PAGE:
Fort Frances-area Gingrich Woodcraft cites faith for closure after workers vote to join union

A furniture manufacturer in Devlin, near Fort Frances, Ont., has closed its doors for what it calls religious reasons after workers voted in favour of joining a union, but the union is fighting back.

'We are required by scripture to "live peaceably with all men,"' company says as union files complaint

Leon Gingrich, president of furniture manufacturer Gingrich Woodcraft, is facing a complaint with the Ontario Labour Relations Board. (Vimeo/Woodworking Network)

A furniture manufacturer in Devlin, near Fort Frances, Ont., has closed its doors for what it calls religious reasons after workers voted in favour of joining a union. 

Gingrich Woodcraft said in a statement that, as Christian business owners, their personal beliefs do not allow them freedom to work with a labour union.

The company stated, "We are required by scripture to 'live peaceably with all men,' and not to use force to gain what we want or for what is required to succeed."

Earlier this month, 25 workers at the plant voted 69 per cent in favour of joining Unifor, the largest private-sector union in the country.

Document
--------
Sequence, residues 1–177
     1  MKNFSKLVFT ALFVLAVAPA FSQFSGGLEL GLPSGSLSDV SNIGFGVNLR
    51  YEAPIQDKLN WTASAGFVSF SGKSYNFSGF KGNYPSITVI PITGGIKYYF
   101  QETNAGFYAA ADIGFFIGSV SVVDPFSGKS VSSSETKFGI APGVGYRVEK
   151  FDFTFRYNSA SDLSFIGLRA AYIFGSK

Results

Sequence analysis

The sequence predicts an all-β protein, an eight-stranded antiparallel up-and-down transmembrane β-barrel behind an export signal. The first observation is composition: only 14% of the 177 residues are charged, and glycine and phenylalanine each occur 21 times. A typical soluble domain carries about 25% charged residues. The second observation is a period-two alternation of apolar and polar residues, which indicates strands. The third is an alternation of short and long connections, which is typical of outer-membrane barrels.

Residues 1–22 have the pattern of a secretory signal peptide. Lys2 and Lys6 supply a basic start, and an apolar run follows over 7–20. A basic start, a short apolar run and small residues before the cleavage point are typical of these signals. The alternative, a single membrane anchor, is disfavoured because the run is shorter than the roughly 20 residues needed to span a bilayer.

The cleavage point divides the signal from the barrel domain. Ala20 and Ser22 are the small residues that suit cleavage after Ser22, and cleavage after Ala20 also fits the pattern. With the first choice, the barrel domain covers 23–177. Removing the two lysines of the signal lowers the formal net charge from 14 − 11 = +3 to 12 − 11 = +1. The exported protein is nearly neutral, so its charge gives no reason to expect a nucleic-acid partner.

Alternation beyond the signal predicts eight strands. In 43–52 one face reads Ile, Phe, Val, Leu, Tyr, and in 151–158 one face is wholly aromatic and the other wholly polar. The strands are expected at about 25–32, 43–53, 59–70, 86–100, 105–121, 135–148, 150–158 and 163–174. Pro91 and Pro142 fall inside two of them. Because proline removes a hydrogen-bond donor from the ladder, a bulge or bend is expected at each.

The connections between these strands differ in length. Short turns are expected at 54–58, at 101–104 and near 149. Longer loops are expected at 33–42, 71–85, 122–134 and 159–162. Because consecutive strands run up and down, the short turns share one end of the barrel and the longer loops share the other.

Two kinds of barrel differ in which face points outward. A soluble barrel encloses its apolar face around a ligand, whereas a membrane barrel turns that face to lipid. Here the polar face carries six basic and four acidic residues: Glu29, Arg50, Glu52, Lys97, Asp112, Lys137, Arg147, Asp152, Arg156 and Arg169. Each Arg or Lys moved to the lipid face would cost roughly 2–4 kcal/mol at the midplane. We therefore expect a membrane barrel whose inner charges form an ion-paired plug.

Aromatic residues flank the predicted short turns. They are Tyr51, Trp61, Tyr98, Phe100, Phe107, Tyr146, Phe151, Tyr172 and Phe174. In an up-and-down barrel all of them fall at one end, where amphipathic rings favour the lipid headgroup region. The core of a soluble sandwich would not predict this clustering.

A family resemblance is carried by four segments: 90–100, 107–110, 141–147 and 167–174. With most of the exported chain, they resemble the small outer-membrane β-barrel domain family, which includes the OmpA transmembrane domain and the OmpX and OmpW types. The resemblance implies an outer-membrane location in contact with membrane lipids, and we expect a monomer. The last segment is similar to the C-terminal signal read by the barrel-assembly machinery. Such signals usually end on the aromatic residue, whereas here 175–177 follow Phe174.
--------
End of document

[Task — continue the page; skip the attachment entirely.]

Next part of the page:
Less than a week later, workers were told the plant would be shut down.

'This is against the law'

Unifor said Thursday afternoon that the union has filed a complaint against Gingrich Woodcraft with the Ontario Labour Relations Board.

"All I can tell you is this: This is against the law," said Unifor national representative Stephen Boon. "You cannot threaten or intimidate workers and take action directly aimed at unionization, and that's what this employer has done."

Boon said the company had been co-operative with the union, right up until the time of the vote. He hopes the owner will seek legal counsel.

"This could go away as soon as they realize what they are doing is against the law," he said. If not, Boon expects a labour relations hearing would take place in September.

Gingrich Woodcraft had been in business for 18 years.

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